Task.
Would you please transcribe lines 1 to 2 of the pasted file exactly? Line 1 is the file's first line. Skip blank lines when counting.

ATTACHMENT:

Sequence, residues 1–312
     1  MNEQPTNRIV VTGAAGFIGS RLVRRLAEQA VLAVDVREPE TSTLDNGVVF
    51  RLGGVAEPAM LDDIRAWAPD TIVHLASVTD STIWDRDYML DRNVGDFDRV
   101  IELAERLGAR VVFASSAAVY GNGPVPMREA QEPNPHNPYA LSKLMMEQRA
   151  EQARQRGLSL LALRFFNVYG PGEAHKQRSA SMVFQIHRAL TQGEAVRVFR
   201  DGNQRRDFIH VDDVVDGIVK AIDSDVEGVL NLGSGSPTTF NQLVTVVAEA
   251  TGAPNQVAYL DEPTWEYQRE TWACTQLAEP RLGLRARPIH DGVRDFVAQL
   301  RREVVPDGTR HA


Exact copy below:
Sequence, residues 1–312
     1  MNEQPTNRIV VTGAAGFIGS RLVRRLAEQA VLAVDVREPE TSTLDNGVVF